There are so many alternatives to testing medication and makeup. There are so many people that are willing to give their bodies to science to test diseases on them. An article was published in The Telegraph on Matthew Speight, a student who is studying Zoology at Oxford, who was paid almost $6,700 to contract Typhoid twice. These companies who test products on animals are extremely greedy. The main reason why they test animals instead of people is that they don’t want to pay the person a salary of at least $9,000 a month. Mice, rats, and hamsters are cheap and affordable, but they don’t live a life. They are trapped in this cage, suffering diseases, and die a painful death with the company knowing that they didn’t live a day outside of that cage. I believe that animal testing should not be completely banned because there have been some instances where the testing has made a contribution to society, but it should be reduced to the very minimum.
Example #5 – The Dangers Of Animal Testing
Many of us are unaware of the sheer number of animals that undergo constant suffering in the name of human vanity. Animal testing was originally introduced in the early 20th century and is still prominent today. It is morally unacceptable to experiment on animals for human purposes. The procedures used in animal testing are cruel and inhumane, nor are they the most reliable source of data; resulting in many mishaps. Moreover, with the perpetual advancements in technology, there are several alternative methods making animal testing unnecessary. If testing cosmetics and drugs on humans are unacceptable, what makes it acceptable to test on animals? Animal testing plays a significant role in scientific discovery to better human health.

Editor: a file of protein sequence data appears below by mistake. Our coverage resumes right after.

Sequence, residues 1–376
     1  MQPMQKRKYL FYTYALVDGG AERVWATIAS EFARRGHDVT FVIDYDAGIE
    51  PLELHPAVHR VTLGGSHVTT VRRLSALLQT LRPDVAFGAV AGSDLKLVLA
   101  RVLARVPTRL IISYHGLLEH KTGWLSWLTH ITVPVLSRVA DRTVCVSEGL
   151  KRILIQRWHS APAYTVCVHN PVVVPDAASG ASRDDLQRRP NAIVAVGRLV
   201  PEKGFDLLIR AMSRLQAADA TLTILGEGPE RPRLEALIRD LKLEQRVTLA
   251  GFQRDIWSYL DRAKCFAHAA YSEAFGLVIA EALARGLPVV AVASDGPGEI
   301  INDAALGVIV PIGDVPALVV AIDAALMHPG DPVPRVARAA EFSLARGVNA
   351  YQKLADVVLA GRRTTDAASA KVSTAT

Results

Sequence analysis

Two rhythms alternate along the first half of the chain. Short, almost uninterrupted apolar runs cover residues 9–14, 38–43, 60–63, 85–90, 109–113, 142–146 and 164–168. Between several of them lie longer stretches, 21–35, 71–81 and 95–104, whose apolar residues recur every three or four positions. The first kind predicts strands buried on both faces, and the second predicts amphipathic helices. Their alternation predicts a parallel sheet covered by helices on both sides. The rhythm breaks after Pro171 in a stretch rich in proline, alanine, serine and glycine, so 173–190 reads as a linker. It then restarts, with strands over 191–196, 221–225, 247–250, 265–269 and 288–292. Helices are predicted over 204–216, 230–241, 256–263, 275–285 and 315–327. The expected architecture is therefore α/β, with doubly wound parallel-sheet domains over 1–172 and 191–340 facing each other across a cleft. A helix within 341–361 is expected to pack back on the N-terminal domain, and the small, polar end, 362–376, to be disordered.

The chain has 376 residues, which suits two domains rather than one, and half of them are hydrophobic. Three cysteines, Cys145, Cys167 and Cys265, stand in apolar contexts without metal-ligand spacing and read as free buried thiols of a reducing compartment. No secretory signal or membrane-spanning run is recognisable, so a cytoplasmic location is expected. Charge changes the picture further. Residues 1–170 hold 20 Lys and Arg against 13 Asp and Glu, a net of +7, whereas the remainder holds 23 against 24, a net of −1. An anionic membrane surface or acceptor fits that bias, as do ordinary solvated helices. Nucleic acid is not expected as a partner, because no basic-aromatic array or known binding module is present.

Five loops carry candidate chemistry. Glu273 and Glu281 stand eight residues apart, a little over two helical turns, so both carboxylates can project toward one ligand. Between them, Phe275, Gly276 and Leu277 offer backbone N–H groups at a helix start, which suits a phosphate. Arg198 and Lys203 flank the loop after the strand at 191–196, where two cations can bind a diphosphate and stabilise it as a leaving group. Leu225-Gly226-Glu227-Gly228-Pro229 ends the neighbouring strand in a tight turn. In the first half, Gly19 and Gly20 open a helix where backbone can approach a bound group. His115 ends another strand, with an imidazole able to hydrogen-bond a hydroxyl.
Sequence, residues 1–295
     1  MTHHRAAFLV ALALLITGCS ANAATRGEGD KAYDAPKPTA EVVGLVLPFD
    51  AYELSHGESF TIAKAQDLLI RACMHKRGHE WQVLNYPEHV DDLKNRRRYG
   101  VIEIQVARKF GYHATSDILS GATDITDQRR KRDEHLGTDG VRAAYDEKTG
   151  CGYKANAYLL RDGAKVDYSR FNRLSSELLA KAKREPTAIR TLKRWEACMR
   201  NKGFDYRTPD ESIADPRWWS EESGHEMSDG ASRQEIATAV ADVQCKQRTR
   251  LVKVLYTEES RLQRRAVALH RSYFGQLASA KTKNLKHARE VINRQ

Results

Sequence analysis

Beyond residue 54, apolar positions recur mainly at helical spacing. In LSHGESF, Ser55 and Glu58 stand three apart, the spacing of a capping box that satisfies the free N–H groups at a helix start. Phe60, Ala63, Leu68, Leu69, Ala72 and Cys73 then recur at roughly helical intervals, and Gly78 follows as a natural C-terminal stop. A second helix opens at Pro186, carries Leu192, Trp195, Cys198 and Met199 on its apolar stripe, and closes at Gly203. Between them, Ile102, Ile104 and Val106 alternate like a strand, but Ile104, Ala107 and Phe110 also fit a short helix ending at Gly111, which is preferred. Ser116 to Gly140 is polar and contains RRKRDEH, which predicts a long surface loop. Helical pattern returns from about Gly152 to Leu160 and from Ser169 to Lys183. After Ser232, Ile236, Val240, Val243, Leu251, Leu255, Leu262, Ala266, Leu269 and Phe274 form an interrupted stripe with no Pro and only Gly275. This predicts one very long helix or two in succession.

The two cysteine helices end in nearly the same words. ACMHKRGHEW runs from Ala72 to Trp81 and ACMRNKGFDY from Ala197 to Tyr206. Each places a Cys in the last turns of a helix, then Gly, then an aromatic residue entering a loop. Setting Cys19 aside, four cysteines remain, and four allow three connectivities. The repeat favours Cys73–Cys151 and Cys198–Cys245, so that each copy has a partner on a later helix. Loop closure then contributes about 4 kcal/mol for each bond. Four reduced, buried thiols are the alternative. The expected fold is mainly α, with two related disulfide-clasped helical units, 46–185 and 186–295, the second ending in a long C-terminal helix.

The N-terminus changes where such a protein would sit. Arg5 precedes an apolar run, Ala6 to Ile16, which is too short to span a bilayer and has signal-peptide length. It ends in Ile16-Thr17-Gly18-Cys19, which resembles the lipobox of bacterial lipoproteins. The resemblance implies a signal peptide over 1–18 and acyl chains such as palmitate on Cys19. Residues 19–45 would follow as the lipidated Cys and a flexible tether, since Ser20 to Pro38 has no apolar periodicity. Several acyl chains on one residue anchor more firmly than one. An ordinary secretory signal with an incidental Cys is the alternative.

One of the main cosmetic tests used is the “Lethal Dose 50” or (LD50). In this test, animals are forced to swallow large amounts of the chemicals being tested to verify the dosage level that will cause death (Corazza, 2017). It is known to cause intense pain and suffering to animals. Chemicals are pumped into an animal’s stomach until it dies. The reason for the intense pain is that it can take days or even weeks before the animal dies. In the rare case where test animals are not killed during the experiment, they are then, “killed either by asphyxiation, breaking of the spinal cord or decapitation” (“Ward: End support of animal testing by using cruelty-free cosmetics”, 2015).
Humans use animals to test drugs and cosmetics but they do not respect the animal enough to provide them with a humane death. Animals are burned, blinded, poisoned, force-fed chemicals, genetically manipulated, electrocuted, and killed, all in the name of science. How is the death of millions of animals fair and humane for results that are not necessarily justified? Additionally, animals also undergo immense pain and trauma in the pursuit of results that are not directly applicable to human use. The Food and Drug Administration (FDA) in the U.S. has been using animals for testing to conclude that drugs and cosmetics are safe and effective before going into human tests since the 1960s.
Example #6 – Should People Use Animal Tested Cosmetics and Drugs to Protect Themselves from Dangerous Consequences?
It is widely known that animals have long been used as the objects on which people carry out various experiments for their purpose. Currently, people involve animals in various types of researches: in medicine (drugs and injections), in biomedical research, and in the design of cosmetics. Animals are used for economic purposes; however, the peculiarities of these processes are not highlighted for people in open access. There are specific ethical issues concerning animal testing in various types of industries. I believe that the use of animals in the cosmetic industry is unethical and should be prohibited, while animal testing for medical purposes can be allowed, as it often saves human lives, but such testing should be thoroughly regulated by the law.